A Classic Returns
                                     by Eddie d'Noir

Hello Bob -

I go back quite a ways, long before the craft beer revolution.  It was
a time when you thought you were drinking a good beer because in
reality you didn't now any better since just about all the beers were
lagers and tasted the same.  I've long since become a craft drinker
but still have a place in my heart for my favorite beer as a kid.  
Guess what?  It's back and I can't wait to pick up a six pack.

It had one of the most memorable slogans (and jingles) in beer
advertising history.“The One Beer to Have When You’re Having
More Than One!” Check it out on youtube and sing along.  The beer
of course is Schaefer.  Back in the day it was truly an iconic
American lager that called New York City home for more than
century, The modern version will now be brewed at the F.X. Matt
(Saranac) Brewing Co. in Utica.

It has an interesting history. The original Schaefer Beer was founded
in New York City in 1842, and was last brewed in New York state in
1976. (It was later brewed for a while in Allentown, Pa.) And in this
convoluted world of the modern beer business, the brand is now
owned by Pabst Brewing.  Yes, that Pabst, once one of the famous
breweries in Milwaukee and the nation. Today Pabst is a company
that owns many legacy beer brands (Blue Ribbon, Stroh’s, Old Style
etc.) but has no major production brewery of its own.

So Pabst is paying F.X. Matt Brewing to brew the beer under
contract.In addition to its own beers (Utica Club and the Saranac
line), Matt Brewing has a long history of contract brewing for other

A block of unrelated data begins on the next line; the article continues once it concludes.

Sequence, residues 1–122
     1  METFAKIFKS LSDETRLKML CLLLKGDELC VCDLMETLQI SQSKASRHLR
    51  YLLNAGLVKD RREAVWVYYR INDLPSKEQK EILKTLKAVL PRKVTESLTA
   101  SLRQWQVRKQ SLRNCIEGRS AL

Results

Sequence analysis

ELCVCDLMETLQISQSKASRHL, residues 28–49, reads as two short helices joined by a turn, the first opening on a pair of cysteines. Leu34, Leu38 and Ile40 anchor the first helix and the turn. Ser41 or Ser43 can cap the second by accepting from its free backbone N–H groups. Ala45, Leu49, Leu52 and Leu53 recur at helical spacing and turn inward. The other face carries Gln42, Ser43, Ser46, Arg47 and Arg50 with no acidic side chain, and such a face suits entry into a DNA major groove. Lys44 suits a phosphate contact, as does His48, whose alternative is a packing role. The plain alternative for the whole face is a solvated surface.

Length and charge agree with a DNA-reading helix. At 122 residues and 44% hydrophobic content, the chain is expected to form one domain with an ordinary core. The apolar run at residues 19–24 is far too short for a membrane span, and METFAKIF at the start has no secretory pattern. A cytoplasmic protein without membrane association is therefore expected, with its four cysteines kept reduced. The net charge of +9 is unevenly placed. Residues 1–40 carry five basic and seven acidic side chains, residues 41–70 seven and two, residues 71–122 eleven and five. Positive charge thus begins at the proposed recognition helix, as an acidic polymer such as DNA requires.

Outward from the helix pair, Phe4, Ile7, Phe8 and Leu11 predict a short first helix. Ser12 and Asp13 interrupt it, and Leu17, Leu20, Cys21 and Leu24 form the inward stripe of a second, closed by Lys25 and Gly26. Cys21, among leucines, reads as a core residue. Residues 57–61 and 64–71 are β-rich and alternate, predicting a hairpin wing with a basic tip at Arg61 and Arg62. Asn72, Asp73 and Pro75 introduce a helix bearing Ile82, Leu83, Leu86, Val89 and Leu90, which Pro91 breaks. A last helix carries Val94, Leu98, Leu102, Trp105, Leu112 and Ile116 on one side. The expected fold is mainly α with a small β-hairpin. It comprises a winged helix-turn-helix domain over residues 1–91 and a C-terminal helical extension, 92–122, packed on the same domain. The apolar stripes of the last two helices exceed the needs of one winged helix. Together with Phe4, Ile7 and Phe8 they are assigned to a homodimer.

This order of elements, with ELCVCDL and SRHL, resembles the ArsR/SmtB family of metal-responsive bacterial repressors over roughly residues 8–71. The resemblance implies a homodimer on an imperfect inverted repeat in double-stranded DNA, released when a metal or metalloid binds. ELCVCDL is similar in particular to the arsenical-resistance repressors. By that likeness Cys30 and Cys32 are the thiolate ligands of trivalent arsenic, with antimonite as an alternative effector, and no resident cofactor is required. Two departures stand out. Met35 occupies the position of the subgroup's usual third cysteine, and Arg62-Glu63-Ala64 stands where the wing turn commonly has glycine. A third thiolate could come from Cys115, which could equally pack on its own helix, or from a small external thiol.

companies, from Brooklyn Brewery to its most recent venture, The
Finnish Long Drink.

This is also not Matt Brewing’s first foray into helping resurrect a
legacy New York City brand. In the early 2000s, it produced
Rheingold Beer, another 19th century New York brand that had
disappeared. I enjoyed the original Rheingold but never liked it as
much as Schafer.

The new Schaefer Beer is a classic “light” American lager (light in
the sense of weight and color). It’s also just 3.8% alcohol, making it
one of the lowest alcohol beers on the market. Today with so many
low alcohol beers selling well their it should suit them well.  Obviously
today I'd call it a “session” beer. You can consume quite a few of
them in  a drinking session. (As indicated in the old slogan). It's not
going to be my everyday drink but it will be fun "when I'm having
more than one".

As a real New Yorker I can tell you that Schaefer’s legacy here in the
city includes some iconic things.  It was the  long-term sponsor of the
Brooklyn Dodgers when they played at Ebbets Field. It also
sponsored the New York Mets, and was featured at the 1964 World’s
Fair in New York, where its pairing with a burger drew huge lines.
Oddly, it also lent its name to the former home of the New England
Patriots in the 1970s and ’80s. Schaefer Stadium later became
Foxboro Stadium.

Sometimes beer should be fun and if it brings back some memories
count that as a bonus.  Schaefer fits that bill for me.  For those who
remember it and those who have never heard of it I suggest you
consider giving it a try.  It may not be craft but it is classic.

Thanks for reading this.  Cheers and best wishes.

Thanks Eddie for a most interesting and informative article. Those
classic American lagers have a significant place in beer history and I'm
happy for their fans than one of the most well known brands is coming
back.   .

I'd like to  invite everyone to send me their own columns about
anything related to beer in any way just as Eddie did.  I select the best
and publish them here.  So join in and get writing!

BeerNexus proudly presents

Bob Montemurro
"the ombudsman of beer"

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